Posts Tagged ‘long exposure’

Ardnamurchan Point Lighthouse

Photo of the Day

Recent adventures to Scotland took me to the Ardnamurchan peninsula which features the most Westerly point in mainland Great Britain. Narrow, winding roads rise and fall over the stark, wavy landscape to reach Ardnamurchan point which features a picturesque lighthouse as seen below.

This shot required manoeuvring over a rough terrain full of tiny creeks, slippery stones, and tidal inlets as well as around sheep that looked unhappy to have me in their presence, but those rocks in the foreground along with the long exposure of the turbulent water gave this photo more texture and depth than I might have gotten from a more accessible location.

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Grand Canal Panorama

Photo of the Day

This classic view from the Rialto bridge is a favourite among visitors and locals alike. You can’t blame them – it’s one of the best places to witness Venice’s magic.

This has to be one of the most photographed spots in Venice, so it’s a challenge to come up with something different from every other photo that has been repeated in the same location. By making this a panorama, I know I haven’t exactly broken new ground, but it’s a least a little bit different from the norm.

The wider format allows for a greater sense of place. It includes more of the surrounding buildings and the paths teeming with pedestrians along both sides of the canal. Gondoliers moving across the waters add to the interest of the evening scene.

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Ethereal Venice

Photo of the Day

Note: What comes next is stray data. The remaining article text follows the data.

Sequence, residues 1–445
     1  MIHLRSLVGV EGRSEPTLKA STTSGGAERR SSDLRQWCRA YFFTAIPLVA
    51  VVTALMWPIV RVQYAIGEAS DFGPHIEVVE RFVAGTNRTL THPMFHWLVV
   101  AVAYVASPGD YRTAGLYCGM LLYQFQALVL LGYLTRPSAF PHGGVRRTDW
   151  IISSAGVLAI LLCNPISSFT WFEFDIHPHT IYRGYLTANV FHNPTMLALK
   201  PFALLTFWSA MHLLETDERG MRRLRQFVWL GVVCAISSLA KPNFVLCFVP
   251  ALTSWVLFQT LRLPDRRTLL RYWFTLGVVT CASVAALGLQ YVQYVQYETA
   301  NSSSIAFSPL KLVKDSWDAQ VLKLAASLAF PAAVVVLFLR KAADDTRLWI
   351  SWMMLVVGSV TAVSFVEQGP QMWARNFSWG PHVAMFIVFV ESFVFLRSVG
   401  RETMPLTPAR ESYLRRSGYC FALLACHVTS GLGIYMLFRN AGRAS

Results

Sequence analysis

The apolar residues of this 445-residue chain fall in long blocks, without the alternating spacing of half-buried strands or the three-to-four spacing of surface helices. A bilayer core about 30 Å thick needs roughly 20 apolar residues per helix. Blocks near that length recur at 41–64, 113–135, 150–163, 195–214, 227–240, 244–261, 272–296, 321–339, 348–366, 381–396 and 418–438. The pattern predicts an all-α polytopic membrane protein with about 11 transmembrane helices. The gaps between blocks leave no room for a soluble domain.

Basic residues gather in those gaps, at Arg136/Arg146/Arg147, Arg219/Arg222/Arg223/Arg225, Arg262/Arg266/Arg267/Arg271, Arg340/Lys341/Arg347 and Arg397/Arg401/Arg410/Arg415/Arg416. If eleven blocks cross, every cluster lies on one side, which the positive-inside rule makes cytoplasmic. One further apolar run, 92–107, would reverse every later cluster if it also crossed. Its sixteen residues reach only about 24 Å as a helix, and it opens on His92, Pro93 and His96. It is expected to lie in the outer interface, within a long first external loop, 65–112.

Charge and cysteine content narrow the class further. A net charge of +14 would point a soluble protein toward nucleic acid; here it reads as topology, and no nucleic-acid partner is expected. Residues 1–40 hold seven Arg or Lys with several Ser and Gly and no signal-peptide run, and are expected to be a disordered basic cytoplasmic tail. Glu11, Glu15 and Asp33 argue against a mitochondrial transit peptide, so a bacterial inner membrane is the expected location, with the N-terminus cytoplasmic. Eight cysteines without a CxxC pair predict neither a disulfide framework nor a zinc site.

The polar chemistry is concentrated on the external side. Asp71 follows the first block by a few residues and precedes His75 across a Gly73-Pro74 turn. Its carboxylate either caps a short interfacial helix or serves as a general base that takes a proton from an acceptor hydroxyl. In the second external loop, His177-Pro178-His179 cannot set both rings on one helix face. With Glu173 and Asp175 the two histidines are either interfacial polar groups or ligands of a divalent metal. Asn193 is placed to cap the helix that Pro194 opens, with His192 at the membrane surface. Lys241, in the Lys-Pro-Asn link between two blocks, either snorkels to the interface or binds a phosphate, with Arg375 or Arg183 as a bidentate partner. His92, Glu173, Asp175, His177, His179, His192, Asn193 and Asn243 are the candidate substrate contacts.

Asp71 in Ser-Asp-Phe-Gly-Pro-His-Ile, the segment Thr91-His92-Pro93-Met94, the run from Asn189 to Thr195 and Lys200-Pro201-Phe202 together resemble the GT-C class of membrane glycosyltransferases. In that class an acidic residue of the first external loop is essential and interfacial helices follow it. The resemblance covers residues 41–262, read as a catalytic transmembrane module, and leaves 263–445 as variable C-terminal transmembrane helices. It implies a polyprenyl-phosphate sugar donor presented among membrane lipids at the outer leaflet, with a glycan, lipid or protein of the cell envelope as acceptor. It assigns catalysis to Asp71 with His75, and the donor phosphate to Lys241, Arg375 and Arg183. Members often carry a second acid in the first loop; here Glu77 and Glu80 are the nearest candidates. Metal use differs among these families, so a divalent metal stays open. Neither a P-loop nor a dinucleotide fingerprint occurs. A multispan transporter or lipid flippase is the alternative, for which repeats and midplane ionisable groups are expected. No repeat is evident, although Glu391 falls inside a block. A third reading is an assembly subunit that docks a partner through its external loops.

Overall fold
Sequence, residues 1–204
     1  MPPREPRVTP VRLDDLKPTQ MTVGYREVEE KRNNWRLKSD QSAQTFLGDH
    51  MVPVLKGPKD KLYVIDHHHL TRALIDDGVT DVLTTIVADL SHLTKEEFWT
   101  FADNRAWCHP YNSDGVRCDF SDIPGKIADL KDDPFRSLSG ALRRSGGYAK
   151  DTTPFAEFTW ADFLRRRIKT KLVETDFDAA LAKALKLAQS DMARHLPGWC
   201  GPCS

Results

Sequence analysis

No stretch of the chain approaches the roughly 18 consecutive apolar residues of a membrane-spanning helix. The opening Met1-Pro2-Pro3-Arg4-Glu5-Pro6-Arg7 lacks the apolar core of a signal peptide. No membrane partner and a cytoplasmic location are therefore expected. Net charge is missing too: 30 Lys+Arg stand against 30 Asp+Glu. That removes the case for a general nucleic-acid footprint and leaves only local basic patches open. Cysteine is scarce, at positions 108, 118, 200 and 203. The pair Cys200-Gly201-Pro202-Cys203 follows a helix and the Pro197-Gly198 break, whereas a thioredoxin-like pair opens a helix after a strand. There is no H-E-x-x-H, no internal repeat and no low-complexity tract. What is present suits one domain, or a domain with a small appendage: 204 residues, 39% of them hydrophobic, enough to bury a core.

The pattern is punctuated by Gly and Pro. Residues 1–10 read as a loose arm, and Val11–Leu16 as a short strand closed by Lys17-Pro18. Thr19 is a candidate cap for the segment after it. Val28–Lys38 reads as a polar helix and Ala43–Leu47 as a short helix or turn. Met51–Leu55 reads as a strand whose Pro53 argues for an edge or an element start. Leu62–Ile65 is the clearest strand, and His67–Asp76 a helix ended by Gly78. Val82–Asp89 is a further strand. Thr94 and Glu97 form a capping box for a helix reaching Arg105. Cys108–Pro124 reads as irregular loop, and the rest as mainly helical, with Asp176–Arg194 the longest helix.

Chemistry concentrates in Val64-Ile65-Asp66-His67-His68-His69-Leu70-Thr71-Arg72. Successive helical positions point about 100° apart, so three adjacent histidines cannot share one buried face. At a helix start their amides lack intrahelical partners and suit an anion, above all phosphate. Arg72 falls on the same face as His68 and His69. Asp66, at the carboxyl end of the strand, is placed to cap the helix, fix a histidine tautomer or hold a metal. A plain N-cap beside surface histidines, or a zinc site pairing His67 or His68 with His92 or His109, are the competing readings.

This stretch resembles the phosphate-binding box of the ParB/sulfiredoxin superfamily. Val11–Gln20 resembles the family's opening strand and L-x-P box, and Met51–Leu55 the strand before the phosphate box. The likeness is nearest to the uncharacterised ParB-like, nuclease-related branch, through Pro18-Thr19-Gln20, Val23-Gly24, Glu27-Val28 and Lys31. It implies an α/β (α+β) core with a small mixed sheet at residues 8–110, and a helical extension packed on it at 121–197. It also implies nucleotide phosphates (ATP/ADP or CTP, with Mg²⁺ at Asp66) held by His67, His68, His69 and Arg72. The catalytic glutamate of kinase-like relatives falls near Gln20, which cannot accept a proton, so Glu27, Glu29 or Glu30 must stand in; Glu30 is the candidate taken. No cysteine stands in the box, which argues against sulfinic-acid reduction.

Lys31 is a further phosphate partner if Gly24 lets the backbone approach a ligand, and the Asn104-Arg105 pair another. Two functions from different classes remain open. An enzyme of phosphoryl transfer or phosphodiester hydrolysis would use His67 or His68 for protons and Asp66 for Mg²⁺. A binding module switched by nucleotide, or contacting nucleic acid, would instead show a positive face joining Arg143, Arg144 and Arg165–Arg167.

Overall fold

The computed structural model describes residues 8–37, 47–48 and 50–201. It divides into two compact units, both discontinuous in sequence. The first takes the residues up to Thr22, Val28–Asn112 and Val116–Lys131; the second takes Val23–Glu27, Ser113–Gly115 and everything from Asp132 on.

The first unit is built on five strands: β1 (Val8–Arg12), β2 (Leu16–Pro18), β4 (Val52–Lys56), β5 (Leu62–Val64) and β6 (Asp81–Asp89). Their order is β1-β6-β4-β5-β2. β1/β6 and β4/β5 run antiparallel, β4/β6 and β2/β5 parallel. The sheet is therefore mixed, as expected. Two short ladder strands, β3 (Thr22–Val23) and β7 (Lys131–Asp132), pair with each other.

Walking in Venice sometimes feels like a dream. It’s such an otherworldly place it often doesn’t quite feel real. Today’s photo of the day was an experiment to try to capture some of that dreamy mood.

The strange blurring in this photo is the result of doing a long exposure in the middle of the day with the gondolas moving slightly in the foreground. Thanks to a brand new 10-stop neutral density filter, I was able to make a 60-second exposure in the bright sunlight.

If you don’t know how a neutral density filter works, here’s the idea: essentially, you’re just putting some dark glass in front of your lens. That means that less light is reaching the sensor, so in order to get a properly-exposed image, more light will somehow have to be let into the camera. Usually, with an ND filter in place, that is achieved by lengthening the exposure time. So, with a 10-stop filter, you have to let in a lot more light and you get get exposures of one minute or more like this one.

What I like about this result is the mix of sharp subjects with the blurred. The long exposures turns the gondolas into ghost ships on top of a silky-smooth sea with clouds appearing to dart past in the sky, but the poles and buildings all remain completely sharp and solid.

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